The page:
Gulbarga – The Original Capital of The Bahmanis

Gulbarga was nowhere in my Karnataka plan. It was maybe because I didn’t know anything about the city, except the fort. Still I managed to accommodate it in my 10 day trip to Karnataka in mid-December 2017:

Bidar – Gulbarga – BijapurBadami – Pattadakal – Aihole – Hampi – Anegundi

BRIEF HISTORY OF GULBARGA

Gulbarga doesn’t actually boast of any special monument or a historical fact but it does have a lot more beyond just the fort. Officially known as Kalaburagi, Gulbarga was the capital of Bahmani Empire from 1347 to 1424 AD. In 1422 AD, Gisu Daraz of the Sayyid family (descendents of the Prophet) was buried here, which transformed the Deccan from a land of infidels, open for conquest by Muslim invaders, to an Islamic sultanate, under the Bahmani dynasty.

HOW I TRAVELLED TO GULBARGA

I, along with my 3 friends arrived in the city late evening, by a KSRTC bus from Bidar (bus ticket Rs. 113 per person). We stayed at Hotel Heritage Inn, which was at a walking distance from the Fort. We were supposed to leave for Bijapur next day evening. So we had to start our day early next morning so as to cover all above places. Please note that we commuted to all places by a single rickshaw for all four of us. Therefore, all rickshaw expenses are for four people.

  • Gulbarga google map
    Gulbarga - Places of Interest

PLACES OF INTEREST IN GULBARGA

GULBARGA FORT

Gulbarga Fort was built by Raja Gulchand of Warangal. It was strengthened by Ala-ud-din Bahmani afterwards. The fort occupies an area of 74.10 acres and a circumference of 3 kms with two rounds of fortifications. The outer fort wall is of lesser height than the inner wall. There is a 30 feet deep moat around the fort.

The fort carries Tene (or Kanguras) at regular intervals and has 15 bastions and 26 guns. The principal gateways on the Eastern and Western sides consists of pointed arches with openings flanked by bastions, approached by bridges across the moat. There is a continuous parapet of merlons, raised over the gateways, provided with narrow openings in them to fire the muskets.

  • Inside Jamia Masjid, Gulbarga Fort
    Inside Jamia Masjid, Gulbarga Fort

The major highlight of the fort is the Bara Gazi Toph (featured image of this post). Measuring 29 feet, it is the longest cannon in the world. It is made up of alloy (Panch Dhatu in Hindi).  The circumference is 7.6 feet, diameter 2 feet and the thickness is 7 inch. Apart from this, Jamia / Jumma Masjid and Ranmandal are the noteworthy structures present. In fact, the Ranmandal is a strong and well-maintained structure that has 3 cannons atop. The palace and the other structures inside the fort are in ruins.

After leaving Gulbarga Fort, a rickshaw driver agreed to take us to Haft Gumbad, Shor Gumbad and back to our hotel for Rs. 300. On an average, it takes 15 minutes to reach Haft Gumbaz from the fort and 30 minutes to reach Chor Gumbad from Haft Gumbaz.

HAFT GUMBAZ / SATH GUMBAZ

The Haft Gumbaz, meaning “seven domes”, is a mausoleum of the Bahmani royal family, located on the outskirts of Gulbarga. Five of the tombs are identifiable as those of Mujahid Shah Bahmani, Daud Shah Bahmani, Shams-al-din and Ghiyas-al-din Bahmani and Firuz Shah Bahmani.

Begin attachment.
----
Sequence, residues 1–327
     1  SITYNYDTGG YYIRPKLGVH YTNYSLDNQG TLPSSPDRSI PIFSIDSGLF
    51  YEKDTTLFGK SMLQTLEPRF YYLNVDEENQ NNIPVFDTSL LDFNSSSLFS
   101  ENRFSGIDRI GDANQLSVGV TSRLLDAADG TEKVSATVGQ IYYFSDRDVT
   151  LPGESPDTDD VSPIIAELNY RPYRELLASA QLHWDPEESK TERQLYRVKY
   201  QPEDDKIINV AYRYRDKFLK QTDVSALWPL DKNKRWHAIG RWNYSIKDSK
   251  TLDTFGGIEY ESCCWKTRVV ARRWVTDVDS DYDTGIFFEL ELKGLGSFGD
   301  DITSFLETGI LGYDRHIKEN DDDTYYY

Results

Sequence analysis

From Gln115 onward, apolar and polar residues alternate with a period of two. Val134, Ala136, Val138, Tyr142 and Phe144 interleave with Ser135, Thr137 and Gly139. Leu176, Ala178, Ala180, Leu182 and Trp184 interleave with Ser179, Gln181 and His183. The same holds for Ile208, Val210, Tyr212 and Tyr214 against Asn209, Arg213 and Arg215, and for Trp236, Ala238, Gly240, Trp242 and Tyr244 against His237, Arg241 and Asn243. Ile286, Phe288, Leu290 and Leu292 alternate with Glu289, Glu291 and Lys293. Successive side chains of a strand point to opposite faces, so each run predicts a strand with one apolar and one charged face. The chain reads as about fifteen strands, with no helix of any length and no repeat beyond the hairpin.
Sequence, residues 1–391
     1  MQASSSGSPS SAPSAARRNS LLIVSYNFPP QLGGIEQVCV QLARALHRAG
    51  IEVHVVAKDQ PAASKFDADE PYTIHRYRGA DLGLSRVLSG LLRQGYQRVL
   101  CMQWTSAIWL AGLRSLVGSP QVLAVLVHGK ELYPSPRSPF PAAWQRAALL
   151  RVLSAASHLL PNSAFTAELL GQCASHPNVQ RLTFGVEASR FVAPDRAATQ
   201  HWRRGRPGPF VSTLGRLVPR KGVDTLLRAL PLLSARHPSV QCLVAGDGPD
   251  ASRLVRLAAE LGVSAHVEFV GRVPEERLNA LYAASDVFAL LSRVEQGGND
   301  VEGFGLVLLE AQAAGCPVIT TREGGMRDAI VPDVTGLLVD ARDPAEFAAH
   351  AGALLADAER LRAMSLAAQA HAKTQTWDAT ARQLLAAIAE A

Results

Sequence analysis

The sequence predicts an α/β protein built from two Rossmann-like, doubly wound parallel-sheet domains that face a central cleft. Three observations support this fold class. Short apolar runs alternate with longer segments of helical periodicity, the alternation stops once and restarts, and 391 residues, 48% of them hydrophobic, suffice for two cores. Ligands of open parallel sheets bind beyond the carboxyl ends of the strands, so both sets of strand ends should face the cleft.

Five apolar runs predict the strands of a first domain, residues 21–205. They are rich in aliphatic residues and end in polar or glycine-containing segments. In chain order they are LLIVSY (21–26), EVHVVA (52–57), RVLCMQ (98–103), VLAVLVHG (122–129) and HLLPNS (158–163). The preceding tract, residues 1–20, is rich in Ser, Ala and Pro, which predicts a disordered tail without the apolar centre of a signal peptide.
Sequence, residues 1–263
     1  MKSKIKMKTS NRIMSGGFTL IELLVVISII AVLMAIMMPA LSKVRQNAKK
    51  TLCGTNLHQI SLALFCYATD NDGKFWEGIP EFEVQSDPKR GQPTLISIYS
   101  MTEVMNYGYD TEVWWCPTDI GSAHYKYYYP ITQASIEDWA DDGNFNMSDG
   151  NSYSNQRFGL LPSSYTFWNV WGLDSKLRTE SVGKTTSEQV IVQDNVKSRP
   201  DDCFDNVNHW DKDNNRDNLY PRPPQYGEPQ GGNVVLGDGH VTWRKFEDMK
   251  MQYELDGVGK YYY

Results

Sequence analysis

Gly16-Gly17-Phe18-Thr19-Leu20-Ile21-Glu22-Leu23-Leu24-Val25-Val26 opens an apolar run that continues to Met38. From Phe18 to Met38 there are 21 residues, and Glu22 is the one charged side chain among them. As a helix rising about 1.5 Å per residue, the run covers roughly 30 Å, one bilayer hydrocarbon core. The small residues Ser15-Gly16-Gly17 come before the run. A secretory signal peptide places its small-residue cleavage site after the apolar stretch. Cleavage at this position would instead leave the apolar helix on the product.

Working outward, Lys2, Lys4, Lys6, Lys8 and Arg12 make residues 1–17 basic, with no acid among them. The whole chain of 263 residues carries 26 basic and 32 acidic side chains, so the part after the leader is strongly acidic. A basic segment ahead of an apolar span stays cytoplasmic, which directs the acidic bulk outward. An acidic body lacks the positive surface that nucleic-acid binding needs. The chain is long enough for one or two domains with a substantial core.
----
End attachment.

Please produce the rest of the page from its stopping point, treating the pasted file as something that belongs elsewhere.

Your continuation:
• Sath Gumbaz / Haft Gumbaz, Gulbarga
    Sath Gumbaz / Haft Gumbaz, Gulbarga

The earlier tombs show predominant Tughluqi influences. The latest and most elaborate tomb that of Firuz Shah shows traces typical of what became the Bahmani style of architecture. It became the first Islamic style of architecture in Deccan that deviated completely from Tughluqi precedents.

CHOR GUMBAD / SHOR GUMBAD

The most intriguing part of our trip to Gulbarga was this lone tomb called Chor Gumbad. The structure doesn’t contain any tomb. It could have been built as a victory monument. If you connect the locations of Chor Gumbad, Gulbarga Fort and Haft Gumbaj on a map, all three points would come in a straight line.  

  • Chor Gumbad, Gulbarga
    Chor Gumbad, Gulbarga

The tomb is easily visible from the Gulbarga fort. It has an entrance to the East, facing the fort. The structure has one of the finest stucco works on its ceilings. There are steps that lead to the upper floors from where you could get a better view of the beautiful ceiling.

You may even go to the terrace which has four minarets on corners. Although a protected site under Karnataka State Archaeology, this beautiful structure is completely neglected and in ruins.

  • Sharana Basaveshwara Temple, Gulbarga
    Sharana Basaveshwara Temple, Gulbarga

Since we were running out of time, we had to skip Hazrat Khwaja Banda Nawaz Dargah and spent time at Sharana Basaveshwara Temple for hardly 5 minutes.

BEST TIME TO VISIT GULBARGA

October to January

HOW TO REACH GULBARGA

Air: The nearest airport to Gulbarga is Rajiv Gandhi International Airport, Hyderabad (236 kms away).

Train: Gulbarga has a local railway station which has good connectivity with important railway stations like Bengaluru, Hyderabad, Mumbai, Aurangabad, Nanded, etc.

Road: Buses by KSRTC as well as Private operators ply between Gulbarga and important cities nearby.

ACCOMMODATION IN GULBARGA

RESTAURANTS IN GULBARGA

  • Amanthrana
  • Al Makki Arabean Food
  • Zam Zam Family Restaurant
  • Kamakshi Restaurant
  • Radha’s Kitchen
  • Atharva Restaurant

THINGS TO REMEMBER

  • Start your day early and you will be able to cover all places in a single day.
  • The officials at Haft Gumbaz don’t allow video shooting in the premises. You may have to convince them that you don’t belong to media/ entertainment industry.
  • Remember that Chor Gumbad and Haft Gumbaz are on the opposite sides of fort. Plan your itinerary accordingly to save time.

Here’s a video I have made on the city of Gulbarga:

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Till then…Happy Travelizing!!!